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When to Wean From a Pacifier

You might be dreading it, but there will come a day when your baby’s pacifier has to go. In general, experts recommend weaning your child from a pacifier between his or her first and second birthdays.

By that time, toddlers can learn to use different, more mature means of self-soothing, and while pacifiers are recommended by the American Academy of Pediatrics for the first year of life, they are not proven to be beneficial beyond age one.

Even so, half of toddlers haven’t given up their pacifiers by 28 months of age. At 36 months of age, about 30 percent of kids are still sucking for comfort, and by 4 years old, 10 percent continue the habit.

Extending pacifier use too long can result in problems. The American Dental Association recommends that a child stop using a pacifier before permanent teeth have come in. The prolonged use of pacifiers (as well as bottles and sippy cups with hard spouts) can change the shape of the jaw and palate, alter the position of the tongue in the mouth, and impact the placement of the teeth. This is especially true for kids who suck very vigorously or who suck for many hours per day.

If pacifier use continues as a child enters the preschool years, it’s more likely that orthodontic treatment will be needed down the road. Fortunately, dental effects are usually reversible if sucking is discontinued by age four or five.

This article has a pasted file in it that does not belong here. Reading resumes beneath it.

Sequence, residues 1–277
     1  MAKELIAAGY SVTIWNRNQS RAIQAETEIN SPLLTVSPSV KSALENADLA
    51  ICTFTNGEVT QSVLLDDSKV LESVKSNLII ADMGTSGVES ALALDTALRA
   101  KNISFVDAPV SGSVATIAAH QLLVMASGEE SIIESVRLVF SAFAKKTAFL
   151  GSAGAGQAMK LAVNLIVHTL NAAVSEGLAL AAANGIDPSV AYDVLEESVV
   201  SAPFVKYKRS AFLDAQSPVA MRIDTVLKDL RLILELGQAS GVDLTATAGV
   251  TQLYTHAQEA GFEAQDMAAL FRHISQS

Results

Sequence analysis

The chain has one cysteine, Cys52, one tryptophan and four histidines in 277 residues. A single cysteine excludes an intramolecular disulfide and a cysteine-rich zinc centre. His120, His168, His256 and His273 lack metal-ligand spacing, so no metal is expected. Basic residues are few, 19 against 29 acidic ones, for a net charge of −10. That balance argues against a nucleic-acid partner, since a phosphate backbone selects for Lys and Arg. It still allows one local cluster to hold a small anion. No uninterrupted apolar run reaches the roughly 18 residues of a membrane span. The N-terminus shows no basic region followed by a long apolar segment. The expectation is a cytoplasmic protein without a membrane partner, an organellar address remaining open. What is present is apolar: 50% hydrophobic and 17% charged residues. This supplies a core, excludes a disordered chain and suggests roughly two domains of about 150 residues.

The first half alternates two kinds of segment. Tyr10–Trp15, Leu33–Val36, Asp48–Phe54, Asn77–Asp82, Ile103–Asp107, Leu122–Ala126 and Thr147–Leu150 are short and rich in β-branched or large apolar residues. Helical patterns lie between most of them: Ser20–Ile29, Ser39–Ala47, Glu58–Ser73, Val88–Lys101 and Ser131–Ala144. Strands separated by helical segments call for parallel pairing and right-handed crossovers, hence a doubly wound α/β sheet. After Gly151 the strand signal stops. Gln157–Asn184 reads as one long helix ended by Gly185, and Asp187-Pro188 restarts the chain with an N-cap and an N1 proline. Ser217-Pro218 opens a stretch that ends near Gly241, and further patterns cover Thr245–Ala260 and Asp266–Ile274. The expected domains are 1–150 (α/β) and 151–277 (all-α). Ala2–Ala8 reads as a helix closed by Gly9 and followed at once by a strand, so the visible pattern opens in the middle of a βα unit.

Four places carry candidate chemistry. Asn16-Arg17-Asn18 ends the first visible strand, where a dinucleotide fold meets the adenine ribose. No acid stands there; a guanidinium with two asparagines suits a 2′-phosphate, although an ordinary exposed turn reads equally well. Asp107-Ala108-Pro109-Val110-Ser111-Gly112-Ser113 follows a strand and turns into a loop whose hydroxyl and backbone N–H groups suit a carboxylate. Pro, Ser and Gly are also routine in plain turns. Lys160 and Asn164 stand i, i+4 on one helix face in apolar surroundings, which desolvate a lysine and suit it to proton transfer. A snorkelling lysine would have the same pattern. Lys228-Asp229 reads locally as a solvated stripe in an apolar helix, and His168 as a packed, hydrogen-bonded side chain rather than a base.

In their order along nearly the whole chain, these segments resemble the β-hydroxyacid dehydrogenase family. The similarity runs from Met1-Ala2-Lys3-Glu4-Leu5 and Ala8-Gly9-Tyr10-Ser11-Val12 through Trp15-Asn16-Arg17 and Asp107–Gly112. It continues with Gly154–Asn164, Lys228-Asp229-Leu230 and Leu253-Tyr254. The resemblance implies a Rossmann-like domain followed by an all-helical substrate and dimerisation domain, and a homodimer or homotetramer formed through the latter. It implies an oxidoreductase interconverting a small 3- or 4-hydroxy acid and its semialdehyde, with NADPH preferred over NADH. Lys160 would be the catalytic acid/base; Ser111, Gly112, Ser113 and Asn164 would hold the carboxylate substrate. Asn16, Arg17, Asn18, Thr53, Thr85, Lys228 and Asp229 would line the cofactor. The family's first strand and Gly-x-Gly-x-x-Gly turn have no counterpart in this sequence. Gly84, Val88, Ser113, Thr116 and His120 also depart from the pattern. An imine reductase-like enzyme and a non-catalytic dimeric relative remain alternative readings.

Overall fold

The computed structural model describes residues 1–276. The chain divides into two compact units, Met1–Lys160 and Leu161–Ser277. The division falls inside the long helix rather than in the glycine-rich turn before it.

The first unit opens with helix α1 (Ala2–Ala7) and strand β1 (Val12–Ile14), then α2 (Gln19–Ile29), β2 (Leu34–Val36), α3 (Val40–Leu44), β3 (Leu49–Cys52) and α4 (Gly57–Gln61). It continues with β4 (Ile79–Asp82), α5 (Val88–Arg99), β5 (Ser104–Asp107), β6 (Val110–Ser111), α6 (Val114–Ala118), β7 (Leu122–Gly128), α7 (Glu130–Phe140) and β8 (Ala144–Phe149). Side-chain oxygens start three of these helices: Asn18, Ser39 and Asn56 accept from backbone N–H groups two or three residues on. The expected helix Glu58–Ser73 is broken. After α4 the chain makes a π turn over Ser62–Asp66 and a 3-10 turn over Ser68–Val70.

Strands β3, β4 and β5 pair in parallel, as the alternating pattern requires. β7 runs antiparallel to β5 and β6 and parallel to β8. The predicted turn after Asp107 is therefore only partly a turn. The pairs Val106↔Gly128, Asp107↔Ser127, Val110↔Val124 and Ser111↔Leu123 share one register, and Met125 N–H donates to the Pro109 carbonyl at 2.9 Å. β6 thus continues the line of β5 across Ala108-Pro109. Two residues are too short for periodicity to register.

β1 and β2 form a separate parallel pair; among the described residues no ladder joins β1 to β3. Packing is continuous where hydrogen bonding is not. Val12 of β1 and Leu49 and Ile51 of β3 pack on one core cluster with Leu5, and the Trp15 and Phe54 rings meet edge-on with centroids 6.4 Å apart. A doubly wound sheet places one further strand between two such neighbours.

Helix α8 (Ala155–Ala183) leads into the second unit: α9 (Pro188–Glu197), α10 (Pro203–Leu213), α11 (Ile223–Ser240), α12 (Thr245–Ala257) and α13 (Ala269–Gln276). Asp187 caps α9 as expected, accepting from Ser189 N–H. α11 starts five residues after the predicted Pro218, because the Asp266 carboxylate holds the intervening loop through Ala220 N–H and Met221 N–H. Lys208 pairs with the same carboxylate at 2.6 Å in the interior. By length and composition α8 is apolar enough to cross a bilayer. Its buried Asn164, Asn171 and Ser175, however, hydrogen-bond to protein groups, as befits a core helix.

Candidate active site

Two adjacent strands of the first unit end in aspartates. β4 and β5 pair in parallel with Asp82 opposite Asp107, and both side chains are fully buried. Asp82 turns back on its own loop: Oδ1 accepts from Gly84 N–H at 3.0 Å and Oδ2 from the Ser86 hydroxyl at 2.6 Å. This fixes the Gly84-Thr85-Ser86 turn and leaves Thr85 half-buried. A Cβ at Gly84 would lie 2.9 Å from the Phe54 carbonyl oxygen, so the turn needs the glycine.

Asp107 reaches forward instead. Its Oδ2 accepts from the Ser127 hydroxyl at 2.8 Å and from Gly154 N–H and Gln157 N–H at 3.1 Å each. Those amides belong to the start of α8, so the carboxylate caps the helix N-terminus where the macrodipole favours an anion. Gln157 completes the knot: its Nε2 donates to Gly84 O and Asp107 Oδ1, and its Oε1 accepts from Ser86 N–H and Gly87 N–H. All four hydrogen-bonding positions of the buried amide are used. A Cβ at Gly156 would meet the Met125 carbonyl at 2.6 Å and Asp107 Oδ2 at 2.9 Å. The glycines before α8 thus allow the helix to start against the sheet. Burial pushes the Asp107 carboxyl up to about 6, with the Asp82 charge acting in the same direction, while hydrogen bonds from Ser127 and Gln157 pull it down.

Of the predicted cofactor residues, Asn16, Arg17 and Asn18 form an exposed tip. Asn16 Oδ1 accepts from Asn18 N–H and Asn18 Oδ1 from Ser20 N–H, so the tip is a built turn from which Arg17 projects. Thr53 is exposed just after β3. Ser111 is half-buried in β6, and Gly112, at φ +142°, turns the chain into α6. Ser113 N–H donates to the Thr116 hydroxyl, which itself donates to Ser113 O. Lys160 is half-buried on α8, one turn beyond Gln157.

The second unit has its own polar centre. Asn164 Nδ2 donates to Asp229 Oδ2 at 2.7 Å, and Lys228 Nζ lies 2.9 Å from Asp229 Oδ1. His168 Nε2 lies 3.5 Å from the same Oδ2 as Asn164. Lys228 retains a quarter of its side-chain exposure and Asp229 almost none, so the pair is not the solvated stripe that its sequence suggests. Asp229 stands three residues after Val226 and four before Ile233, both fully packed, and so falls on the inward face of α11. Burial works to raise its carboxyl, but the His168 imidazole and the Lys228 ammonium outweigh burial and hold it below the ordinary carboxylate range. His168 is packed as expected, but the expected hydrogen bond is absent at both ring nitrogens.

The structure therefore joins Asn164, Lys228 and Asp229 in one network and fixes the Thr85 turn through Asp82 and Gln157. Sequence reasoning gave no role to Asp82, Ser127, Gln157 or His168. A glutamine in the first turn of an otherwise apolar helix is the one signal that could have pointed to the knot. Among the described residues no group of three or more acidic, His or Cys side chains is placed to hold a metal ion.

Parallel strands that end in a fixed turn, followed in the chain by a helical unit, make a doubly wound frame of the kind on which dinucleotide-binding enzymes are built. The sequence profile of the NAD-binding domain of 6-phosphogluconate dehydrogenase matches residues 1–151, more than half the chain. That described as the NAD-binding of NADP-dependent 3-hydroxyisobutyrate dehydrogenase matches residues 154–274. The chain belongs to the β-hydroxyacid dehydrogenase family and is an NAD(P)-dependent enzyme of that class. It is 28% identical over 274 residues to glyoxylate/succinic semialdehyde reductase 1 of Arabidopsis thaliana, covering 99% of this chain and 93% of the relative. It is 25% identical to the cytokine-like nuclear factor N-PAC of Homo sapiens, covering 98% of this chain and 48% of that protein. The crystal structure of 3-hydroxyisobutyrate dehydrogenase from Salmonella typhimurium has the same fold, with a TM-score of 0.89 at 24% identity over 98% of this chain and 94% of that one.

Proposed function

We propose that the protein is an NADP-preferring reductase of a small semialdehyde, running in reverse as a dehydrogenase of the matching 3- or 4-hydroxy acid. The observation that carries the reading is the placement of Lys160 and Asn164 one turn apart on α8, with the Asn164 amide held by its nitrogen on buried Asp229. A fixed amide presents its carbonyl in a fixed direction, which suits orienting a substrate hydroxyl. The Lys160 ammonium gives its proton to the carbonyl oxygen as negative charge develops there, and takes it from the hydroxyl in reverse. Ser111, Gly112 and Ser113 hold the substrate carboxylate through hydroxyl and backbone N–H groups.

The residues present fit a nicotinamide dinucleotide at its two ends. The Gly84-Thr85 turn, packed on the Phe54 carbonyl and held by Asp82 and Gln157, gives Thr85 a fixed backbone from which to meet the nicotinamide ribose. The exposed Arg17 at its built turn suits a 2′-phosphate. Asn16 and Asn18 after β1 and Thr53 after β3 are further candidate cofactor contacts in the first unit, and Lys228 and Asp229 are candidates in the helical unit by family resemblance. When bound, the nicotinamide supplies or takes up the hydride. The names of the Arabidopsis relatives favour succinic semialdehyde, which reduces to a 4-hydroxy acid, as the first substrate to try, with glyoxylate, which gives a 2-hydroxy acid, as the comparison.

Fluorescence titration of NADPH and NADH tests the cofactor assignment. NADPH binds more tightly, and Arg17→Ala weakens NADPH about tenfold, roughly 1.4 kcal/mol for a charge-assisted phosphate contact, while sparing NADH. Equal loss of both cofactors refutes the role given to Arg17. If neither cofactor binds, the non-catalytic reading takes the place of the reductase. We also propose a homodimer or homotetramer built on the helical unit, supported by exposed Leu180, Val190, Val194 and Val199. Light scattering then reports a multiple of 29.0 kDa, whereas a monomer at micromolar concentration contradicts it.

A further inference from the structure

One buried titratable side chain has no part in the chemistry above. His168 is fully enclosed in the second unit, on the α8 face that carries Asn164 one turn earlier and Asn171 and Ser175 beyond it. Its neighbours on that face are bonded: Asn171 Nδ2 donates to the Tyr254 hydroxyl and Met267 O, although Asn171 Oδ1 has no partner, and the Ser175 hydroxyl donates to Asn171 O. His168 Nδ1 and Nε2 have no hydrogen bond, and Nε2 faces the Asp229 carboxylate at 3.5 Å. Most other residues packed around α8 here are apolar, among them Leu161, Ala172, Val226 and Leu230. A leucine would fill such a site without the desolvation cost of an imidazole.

In addition to dental effects, this kind of sucking can have effects on speech. Sucking creates oral habits that form well before permanent teeth have erupted. A pacifier in the mouth interferes with the position of the tongue at rest and the movement of the tongue tip. These oral habits can affect speech, since tongue tip movement is needed for the production of certain speech sounds. And oral habits can be hard to change, often causing the child to need speech therapy later on.

Because of the potential effects on speech, eliminating the pacifier sooner rather than later is a good idea. Not every child\’s teeth and speech are affected the same way by pacifier use, and it\’s hard to predict which kids will be most significantly affected. But even if you can’t predict it, it’s still best to wean your child as soon as possible.


  • American Academy of Pediatrics
  • Nonnutritive Sucking pt 1.
    American Academy of Pediatrics
  • Nonnutritive Sucking pt 2.
    American Academy of Pediatrics
  • Nonnutritive Sucking pt 3.
    American Speech-Language-Hearing Association
  • Pacifier Overuse May Harm Speech Skills, Researchers Find.
    American Dental Association
  • Thumbsucking.
    Consumer Product Safety Commission.

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